Names have been removed (except Wairarapa DHB and the expert who advised on this case) to protect privacy. Identifying letters are assigned in alphabetical order and bear no relationship to the person's actual name.
Wairarapa District Health Board
A Report by the Health and Disability Commissioner
Table of Contents
Complaint and investigation
Information gathered during investigation
Opinion: Breach - Wairarapa District Health Board
Appendix A - Clinical advice to the Commissioner
1. Mr A, aged 82 years, had a stroke at home at about 9pm on a Friday in late 2011. At Hospital 1, an emergency department (ED) house surgeon, Dr D, fast-tracked Mr A onto the thrombolysis pathway.
2. Dr D discussed Mr A with the ED senior medical officer, Dr E, who advised Dr D that as Mr A's symptoms had been present for less than an hour, it would be reasonable to observe him past the one-hour mark to establish the trajectory of his condition.
3. Mr A had a CT head scan, which showed no intracerebral bleeding and no visible acute ischaemic changes. A medical consultant, Dr F, advised Dr D to start thrombolysis, given that Mr A was very well prior to this episode and that his dysphasia was a major symptom.
4. The Stroke Thrombolysis Protocol (the protocol), which was the protocol used at Hospital 1 at the time, advised to administer t-PA. This protocol had been provided by another hospital/DHB (Hospital 2). Dr D was unsure what medication this referred to. Dr D was advised by an ED nurse that the only t-PA available in the ED was tenecteplase. Dr D was uncertain whether or not this was the correct drug, as there was inconsistency in the dosing.
5. Dr D decided to seek specialist and senior advice from Hospital 2, to clarify the correct drug to use. He telephoned Hospital 2 at about 10.45pm, and asked to speak to the on-call stroke registrar. He was put through to registrar Dr G.
6. Dr D told Dr G that they had only tenecteplase in stock at Hospital 1 and asked her if that was the t-PA referred to in the protocol.
7. Dr G replied that she was not able to answer this question, but would consult her seniors and call Dr D back. Dr G called Dr D back 10 minutes later and told him that tenecteplase was the medication they used at Hospital 2.
8. Dr D prescribed tenecteplase. At 8am, Mr A's neurological status deteriorated. A CT head scan showed that Mr A had had an intracranial haemorrhage.
9. Mr A should have been given the t-PA drug alteplase, which was available at Hospital 1. Tenecteplase should not be used for the treatment of stroke, and is used only for treatment of myocardial infarction.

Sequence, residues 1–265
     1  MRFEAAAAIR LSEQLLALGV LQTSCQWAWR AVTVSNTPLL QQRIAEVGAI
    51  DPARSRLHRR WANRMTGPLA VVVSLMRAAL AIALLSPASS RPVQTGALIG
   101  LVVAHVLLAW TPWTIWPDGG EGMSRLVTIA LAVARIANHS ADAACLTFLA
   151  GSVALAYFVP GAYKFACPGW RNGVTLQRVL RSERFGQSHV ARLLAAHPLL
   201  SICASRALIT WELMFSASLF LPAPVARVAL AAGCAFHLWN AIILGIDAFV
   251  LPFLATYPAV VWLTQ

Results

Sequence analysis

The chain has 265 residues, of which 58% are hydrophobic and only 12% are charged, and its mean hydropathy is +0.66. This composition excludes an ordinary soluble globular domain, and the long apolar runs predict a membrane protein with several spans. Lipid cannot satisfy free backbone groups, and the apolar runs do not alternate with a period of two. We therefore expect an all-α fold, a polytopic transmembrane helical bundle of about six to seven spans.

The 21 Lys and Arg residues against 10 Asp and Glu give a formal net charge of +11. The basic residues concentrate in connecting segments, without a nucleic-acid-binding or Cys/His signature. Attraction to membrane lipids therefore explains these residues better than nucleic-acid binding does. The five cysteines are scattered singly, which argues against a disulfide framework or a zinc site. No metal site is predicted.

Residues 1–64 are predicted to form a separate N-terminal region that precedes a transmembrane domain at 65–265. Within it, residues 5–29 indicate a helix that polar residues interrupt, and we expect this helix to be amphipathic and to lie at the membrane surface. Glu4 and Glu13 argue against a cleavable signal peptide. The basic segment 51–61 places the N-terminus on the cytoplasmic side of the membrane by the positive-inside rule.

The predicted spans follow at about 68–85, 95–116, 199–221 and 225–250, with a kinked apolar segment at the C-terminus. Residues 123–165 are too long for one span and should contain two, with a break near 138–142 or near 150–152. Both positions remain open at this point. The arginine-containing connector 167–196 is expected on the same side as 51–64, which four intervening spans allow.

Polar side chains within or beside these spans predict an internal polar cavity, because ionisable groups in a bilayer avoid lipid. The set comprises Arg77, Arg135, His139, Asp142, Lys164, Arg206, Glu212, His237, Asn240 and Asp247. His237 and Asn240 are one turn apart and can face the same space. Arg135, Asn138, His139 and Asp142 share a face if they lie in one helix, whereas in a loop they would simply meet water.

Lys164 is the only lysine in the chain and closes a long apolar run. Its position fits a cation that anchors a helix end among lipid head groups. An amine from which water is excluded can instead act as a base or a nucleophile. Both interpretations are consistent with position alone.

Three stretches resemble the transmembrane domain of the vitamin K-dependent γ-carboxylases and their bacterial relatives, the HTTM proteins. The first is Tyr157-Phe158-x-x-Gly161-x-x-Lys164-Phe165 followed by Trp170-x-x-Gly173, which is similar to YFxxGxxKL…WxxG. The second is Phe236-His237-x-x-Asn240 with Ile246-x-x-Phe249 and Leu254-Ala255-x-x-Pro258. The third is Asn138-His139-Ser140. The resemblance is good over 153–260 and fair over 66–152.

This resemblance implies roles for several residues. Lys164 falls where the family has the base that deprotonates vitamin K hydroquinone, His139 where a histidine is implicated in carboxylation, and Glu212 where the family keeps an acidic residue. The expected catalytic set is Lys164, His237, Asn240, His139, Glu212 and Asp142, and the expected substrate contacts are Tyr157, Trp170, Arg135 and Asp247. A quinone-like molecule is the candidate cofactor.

10. Mistakes were made by staff at both Wairarapa DHB and DHB 2. It was inappropriate for Wairarapa DHB to adopt and implement the protocol without first reviewing the protocol to ascertain its applicability at Wairarapa DHB and amending it to reflect the DHB's own processes. The protocol provided no guidance to Wairarapa DHB staff on which drug should be used, how to access that drug within the DHB, and who to contact with questions or queries about the protocol.
11. The protocol referred to t-PA, which Dr D correctly interpreted as referring to "tissue plasminogen activators" - which include tenecteplase, used for cardiac patients, and alteplase, used for acute ischemic stroke. Dr D was uncertain which of these drugs was appropriate for his patient and the protocol did not assist him.
12. This uncertainty then resulted in a series of actions - all 'small holes' in the provision of care - which lined up with disastrous results. Dr D was informed that tenecteplase was the only drug available in the ED. Concerned that the packaging indicated that the dosage in the protocol was higher than the manufacturer's instructions, Dr D sought advice. He called Hospital 2, because it was a Hospital 2 protocol. He did not consult the Hospital 1 consultant as he was expected to do.
13. When speaking to Dr G at Hospital 2 the question 'should I give tenecteplase to thrombolyse a stroke patient?' was incorrectly conveyed to or heard by the consultant as 'is tenecteplase what we use for thrombolysis?', and the question was assumed to relate to a cardiac patient. The answer conveyed to Dr D was 'yes'.
14. No further checks were made - either by reference to MIMS or Medsafe data, or the Wairarapa DHB on-call consultant. Concerns held were allayed, warning bells had, it was thought, been heeded, and the drug was administered.
15. Had the protocol clearly identified the relevant drug, had the Wairarapa DHB consultant been called, had the manufacturer's guidelines been complied with, had the question been correctly asked and answered in Hospital 2, a different outcome may have resulted. Nonetheless there was a series of missed opportunities through Wairarapa DHB's systems and staff to catch what would become a fatal error.
16. Wairarapa DHB failed to provide services with reasonable care and skill and so breached Right 4(1) of the Code of Health and Disability Services Consumers' Rights (the Code).
17. Comment was made about Drs D, G, and I.
Complaint and investigation
18. The Commissioner received a complaint from Mr C about the services provided to his father, Mr A, by Wairarapa District Health Board. The following issue was identified for investigation:
- Whether Wairarapa District Health Board provided an appropriate standard of care to Mr A in 2011.